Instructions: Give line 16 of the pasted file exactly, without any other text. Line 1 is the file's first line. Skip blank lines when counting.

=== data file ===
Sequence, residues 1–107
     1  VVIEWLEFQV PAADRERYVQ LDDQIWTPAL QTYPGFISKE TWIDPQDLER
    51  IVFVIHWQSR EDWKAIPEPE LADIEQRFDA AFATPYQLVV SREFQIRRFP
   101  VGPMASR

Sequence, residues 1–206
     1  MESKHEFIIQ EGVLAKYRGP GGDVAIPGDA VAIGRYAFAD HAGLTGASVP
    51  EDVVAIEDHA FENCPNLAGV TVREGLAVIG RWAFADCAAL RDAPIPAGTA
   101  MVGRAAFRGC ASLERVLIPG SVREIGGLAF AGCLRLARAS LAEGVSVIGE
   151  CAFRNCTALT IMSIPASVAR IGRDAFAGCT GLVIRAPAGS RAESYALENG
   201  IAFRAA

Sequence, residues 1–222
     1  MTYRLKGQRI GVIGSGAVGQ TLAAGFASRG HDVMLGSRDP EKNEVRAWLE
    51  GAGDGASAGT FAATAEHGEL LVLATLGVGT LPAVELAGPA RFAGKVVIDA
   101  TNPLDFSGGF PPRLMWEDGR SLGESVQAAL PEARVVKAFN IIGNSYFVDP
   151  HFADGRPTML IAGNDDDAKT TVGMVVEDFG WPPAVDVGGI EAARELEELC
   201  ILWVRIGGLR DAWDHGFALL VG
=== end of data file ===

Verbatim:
   201  ILWVRIGGLR DAWDHGFALL VG